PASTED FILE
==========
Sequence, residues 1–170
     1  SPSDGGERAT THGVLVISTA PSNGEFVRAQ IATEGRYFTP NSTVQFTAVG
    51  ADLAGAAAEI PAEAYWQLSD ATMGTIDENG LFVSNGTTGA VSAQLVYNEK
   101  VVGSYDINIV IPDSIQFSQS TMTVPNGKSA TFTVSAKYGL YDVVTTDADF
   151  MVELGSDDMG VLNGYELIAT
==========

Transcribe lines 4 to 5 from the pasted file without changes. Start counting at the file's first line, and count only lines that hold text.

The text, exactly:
   101  VVGSYDINIV IPDSIQFSQS TMTVPNGKSA TFTVSAKYGL YDVVTTDADF
   151  MVELGSDDMG VLNGYELIAT